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Donald Trump
Donald Trump listens to a question during a town hall event at the Tampa Convention Center in Tampa, Florida, U.S., on Monday, March 14, 2016.
Andrew Harrer—Bloomberg via Getty Images

Here’s a quiz: A U.S. recession will (a) come if Donald Trump is elected, (b) come if Donald Trump is not elected, (c) come soon whether or not Donald Trump is elected, or (d) is already here. If you answered “All of the above,” please don’t cash out your IRA. Instead turn off cable news and the internet for three days and do some yoga.

If you answered “None of the above,” then you are much calmer than almost everyone commenting on the political race. But don’t get too calm.

With a Trump victory in the GOP race now a clear possibility, everyone is pulling out the grim economic forecasts. On Saturday, Trump told the Washington Post that “we’re sitting on an economic bubble,” and headed for a “very massive recession” (not clear whether “very massive” is bigger than “yuge,” but that’s pretty serious). He also came close to saying that we’re already in one, claiming that the real unemployment rate is close to 20%.

Meanwhile, other folks, too have been warning of recession ... if Trump gets elected. Last week, Moody’s did an analysis of Trump’s tariff plan—45% duties on goods shipped from China, 35% on those brought in from Mexico—that calculated that tariff would swing the U.S. into recession and almost immediately put four million workers out of jobs. On Friday, the U.S. Chamber of Commerce weighed in, turning around Trump’s slogan and asking, “Does a recession sound ‘great’ to you?”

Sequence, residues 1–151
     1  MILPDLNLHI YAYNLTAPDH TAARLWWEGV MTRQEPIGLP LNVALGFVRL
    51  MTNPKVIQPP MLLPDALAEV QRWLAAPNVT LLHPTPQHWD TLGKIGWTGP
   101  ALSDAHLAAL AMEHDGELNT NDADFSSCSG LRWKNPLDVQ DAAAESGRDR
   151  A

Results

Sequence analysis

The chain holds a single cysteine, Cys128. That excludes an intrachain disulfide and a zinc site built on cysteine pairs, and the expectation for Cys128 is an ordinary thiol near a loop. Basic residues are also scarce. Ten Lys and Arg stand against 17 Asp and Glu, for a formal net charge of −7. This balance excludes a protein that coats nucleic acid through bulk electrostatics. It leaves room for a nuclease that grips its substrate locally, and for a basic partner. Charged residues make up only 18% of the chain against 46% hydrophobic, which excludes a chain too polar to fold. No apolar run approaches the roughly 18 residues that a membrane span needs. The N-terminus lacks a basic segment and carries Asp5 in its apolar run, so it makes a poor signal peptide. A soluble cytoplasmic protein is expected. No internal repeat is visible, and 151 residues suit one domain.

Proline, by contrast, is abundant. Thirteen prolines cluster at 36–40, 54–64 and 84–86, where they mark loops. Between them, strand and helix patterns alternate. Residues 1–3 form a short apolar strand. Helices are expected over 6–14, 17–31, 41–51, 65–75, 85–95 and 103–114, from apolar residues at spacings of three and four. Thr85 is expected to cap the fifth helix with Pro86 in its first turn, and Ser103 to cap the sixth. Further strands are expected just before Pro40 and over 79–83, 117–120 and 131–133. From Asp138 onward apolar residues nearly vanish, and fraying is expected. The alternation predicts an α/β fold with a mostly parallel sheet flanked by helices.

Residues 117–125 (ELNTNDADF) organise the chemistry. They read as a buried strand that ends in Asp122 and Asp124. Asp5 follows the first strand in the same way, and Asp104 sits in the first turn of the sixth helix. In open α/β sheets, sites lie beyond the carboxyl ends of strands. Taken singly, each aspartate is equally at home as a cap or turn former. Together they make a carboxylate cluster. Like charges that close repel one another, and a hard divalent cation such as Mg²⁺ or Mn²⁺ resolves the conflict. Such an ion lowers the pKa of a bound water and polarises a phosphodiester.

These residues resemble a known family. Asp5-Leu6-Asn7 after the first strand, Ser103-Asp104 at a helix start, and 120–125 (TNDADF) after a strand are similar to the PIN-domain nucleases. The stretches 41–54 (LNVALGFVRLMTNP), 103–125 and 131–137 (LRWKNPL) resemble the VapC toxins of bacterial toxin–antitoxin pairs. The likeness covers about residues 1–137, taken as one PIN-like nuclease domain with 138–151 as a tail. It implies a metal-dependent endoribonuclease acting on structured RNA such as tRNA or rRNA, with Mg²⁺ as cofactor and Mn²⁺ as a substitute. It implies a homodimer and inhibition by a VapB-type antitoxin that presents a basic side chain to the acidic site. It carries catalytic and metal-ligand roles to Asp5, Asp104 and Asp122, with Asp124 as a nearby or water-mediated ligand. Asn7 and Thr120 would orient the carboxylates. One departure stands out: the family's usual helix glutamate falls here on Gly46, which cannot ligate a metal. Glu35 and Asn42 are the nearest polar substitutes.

So which is it? Are we hurtling toward a recession that only Trump can save us from? Well, no, and few economists see one straight ahead. What about a Trump-cession brought on by tariffs? That's closer to the mark, but it’s not clear that Trump’s tariffs would have the immediate recessionary effect the Moody’s analysis foresees. However, there would be a pocket book impact, almost certainly raising prices—and ending up with costs most voters won’t like.

On Trump’s claims, here are the facts: March’s employment numbers were stronger than expected, and the economic situation is good enough that people who had abandoned the job market are headed back in. Wage growth has been touch and go, but has picked up most months. And U.S. markets have held up surprisingly well amid wild gyrations in China. One caveat is that economists are pretty lousy at predicting downturns, but right now most of the folks who think we’re headed toward a crash are looking for your vote or your investment in their gold fund.

On the other hand: The Moody’s analysis makes one major questionable assumption. As Jim Tankersley at the Washington Post notes, it counts on China and Mexico to immediately retaliate with yuuuge tariffs of their own. That kind of trade war certainly can happen, but it’s not a foregone conclusion.